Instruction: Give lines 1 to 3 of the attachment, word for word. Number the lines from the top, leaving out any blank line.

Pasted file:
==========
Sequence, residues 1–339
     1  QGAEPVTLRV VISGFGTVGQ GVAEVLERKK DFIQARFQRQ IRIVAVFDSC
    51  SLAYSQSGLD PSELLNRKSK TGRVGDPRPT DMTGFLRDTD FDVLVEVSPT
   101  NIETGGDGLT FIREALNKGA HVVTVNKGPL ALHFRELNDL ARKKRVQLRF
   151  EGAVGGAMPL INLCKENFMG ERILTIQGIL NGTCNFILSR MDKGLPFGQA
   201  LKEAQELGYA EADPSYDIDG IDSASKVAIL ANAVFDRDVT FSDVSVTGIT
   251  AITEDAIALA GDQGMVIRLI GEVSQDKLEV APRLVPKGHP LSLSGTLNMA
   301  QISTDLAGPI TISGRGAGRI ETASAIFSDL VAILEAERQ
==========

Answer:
Sequence, residues 1–339
     1  QGAEPVTLRV VISGFGTVGQ GVAEVLERKK DFIQARFQRQ IRIVAVFDSC
    51  SLAYSQSGLD PSELLNRKSK TGRVGDPRPT DMTGFLRDTD FDVLVEVSPT